By Ghadeer Ghloum
KUWAIT: As Kuwaitis voted in the National Assembly election on Tuesday, members of a foreign media delegation that arrived in Kuwait to witness the electoral process shared their opinions with Kuwait Times. Omani political writer and analyst Dr Ahmed bin Salem Batmira said this political event comes under the slogan “correcting the path is everyone’s responsibility”, indicating that Kuwait needs parliamentary reforms to help the country move forward.
Batmira hoped that what happened in the previous parliamentary elections held in September would not be repeated, pointing out that Kuwait needs a patriotic stand from its people. “We notice today an increase in the presence of strong voters, and a small number of candidates compared to previous periods, but nevertheless, candidates represent an elite group from all aspects of Kuwaiti society.
This is a race that is expected to witness a change of faces to translate the hopes of Kuwaitis in seeing a strong, productive and practical parliament in 2023 that works with the government that will be formed later as one team, and turning ideas and proposals into tangible reality,” he said. Saudi Editor-in-Chief of Al-Khaleej newspaper Abdullah Khoja Bakkah said the delegation began their tour by visiting the first constituency and the third constituency, where they shared beautiful moments with the voters. He explained the voter has responsibility for their country when voting in the elections.
Bakkah witnessed the smoothness of the system and quick response to voters by the committees as soon as they arrived to input their information and confirm their citizenship. “The process was smooth and comfortable, giving us a very good experience in terms of feeling the electoral atmosphere,” Bakkah said. He expressed his love for Kuwait and wished it best of luck in the parliamentary elections this year. He mentioned this is not the first election he has covered, adding every time he attends Kuwaiti elections, he finds progress.
He also pointed out that the Kuwaiti media provides help and cooperation to all the journalists and media people present to cover the event. Moreover, Bakkah said that when he sat with some Kuwaiti voters and talked to them, they told him that the vision has now become clearer and better than before. This has led to an increase in the interest of Kuwaiti citizens because they want the best for their country, which will result in boosting citizens’ benefits as well. Dr Clemens Chay from the Middle East Institute and National University of Singapore, who covers Kuwait and Gulf politics, said regarding the elections, the primary motivation is to have a parliament that is able to have a powerful relationship with the executive branch, which is the Cabinet.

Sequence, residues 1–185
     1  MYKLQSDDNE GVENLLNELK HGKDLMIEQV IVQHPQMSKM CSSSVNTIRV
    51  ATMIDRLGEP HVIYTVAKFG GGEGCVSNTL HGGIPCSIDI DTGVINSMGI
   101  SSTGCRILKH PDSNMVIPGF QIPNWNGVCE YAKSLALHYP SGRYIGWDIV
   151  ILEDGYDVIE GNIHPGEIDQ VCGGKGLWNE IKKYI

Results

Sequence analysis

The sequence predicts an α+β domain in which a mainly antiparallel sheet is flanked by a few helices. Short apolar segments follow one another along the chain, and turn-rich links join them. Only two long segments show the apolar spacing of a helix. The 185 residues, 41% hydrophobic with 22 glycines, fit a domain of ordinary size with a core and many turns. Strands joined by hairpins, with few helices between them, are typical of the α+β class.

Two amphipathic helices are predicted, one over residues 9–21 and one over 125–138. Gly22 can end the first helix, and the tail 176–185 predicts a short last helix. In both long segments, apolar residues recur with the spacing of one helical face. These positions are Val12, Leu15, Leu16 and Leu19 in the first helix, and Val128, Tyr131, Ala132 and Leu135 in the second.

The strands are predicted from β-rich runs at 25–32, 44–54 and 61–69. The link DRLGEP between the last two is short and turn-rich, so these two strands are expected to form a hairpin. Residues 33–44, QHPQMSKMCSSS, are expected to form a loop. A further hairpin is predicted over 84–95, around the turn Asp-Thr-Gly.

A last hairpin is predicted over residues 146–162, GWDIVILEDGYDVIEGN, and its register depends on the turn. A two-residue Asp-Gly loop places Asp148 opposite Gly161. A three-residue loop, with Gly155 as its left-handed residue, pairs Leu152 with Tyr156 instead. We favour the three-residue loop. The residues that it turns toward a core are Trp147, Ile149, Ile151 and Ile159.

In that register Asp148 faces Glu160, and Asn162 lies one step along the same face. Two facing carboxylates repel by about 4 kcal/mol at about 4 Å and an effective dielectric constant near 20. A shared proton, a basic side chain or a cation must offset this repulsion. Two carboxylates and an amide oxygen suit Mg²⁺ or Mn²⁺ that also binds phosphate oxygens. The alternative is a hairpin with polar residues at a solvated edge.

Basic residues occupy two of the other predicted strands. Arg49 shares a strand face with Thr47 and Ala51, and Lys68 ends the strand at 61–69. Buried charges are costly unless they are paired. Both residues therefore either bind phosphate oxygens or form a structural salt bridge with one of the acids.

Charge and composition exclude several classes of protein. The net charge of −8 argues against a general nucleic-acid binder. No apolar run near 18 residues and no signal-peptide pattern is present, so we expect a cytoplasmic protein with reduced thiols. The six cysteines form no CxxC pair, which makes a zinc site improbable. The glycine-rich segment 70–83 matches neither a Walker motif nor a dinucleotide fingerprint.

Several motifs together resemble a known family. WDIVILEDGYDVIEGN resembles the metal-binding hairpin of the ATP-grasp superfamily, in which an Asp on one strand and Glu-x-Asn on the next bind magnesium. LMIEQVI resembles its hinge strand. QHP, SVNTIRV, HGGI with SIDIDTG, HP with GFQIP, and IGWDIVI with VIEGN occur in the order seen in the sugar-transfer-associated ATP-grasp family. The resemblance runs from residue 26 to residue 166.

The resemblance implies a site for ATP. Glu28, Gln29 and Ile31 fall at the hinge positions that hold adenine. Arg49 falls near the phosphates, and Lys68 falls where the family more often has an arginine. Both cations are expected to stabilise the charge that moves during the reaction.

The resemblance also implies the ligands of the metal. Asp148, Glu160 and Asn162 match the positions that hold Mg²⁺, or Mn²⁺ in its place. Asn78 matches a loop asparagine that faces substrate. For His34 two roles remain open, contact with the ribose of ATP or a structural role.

He explained the ongoing crisis in Kuwait is due to the inability to resolve the tension between the two branches. Chay sees a sense of fatigue in terms of the number of elections, as Tuesday marked the third in around two and a half years. He expressed his hope that turnout is relatively high compared to previous elections, because the fact that Kuwait has democratic structures is a testament to political and personal freedoms guaranteed by the constitution. This is important for both the country and the citizens, Chay said.
B Josie Susilo H, Deputy Editor of Indonesia’s Kompas Gramedia, commended this democratic step. “I think it is very good to build democracy in Kuwait through this mission, which makes it a good step to move forward,” he said. He also highlighted the necessity for Kuwaitis to take action towards their civil responsibility. “I think it is important for Kuwaitis to use their right to vote, because through this step they can (be involved) in building their nation and the future of Kuwait. It is a civil responsibility for each Kuwaiti citizen.”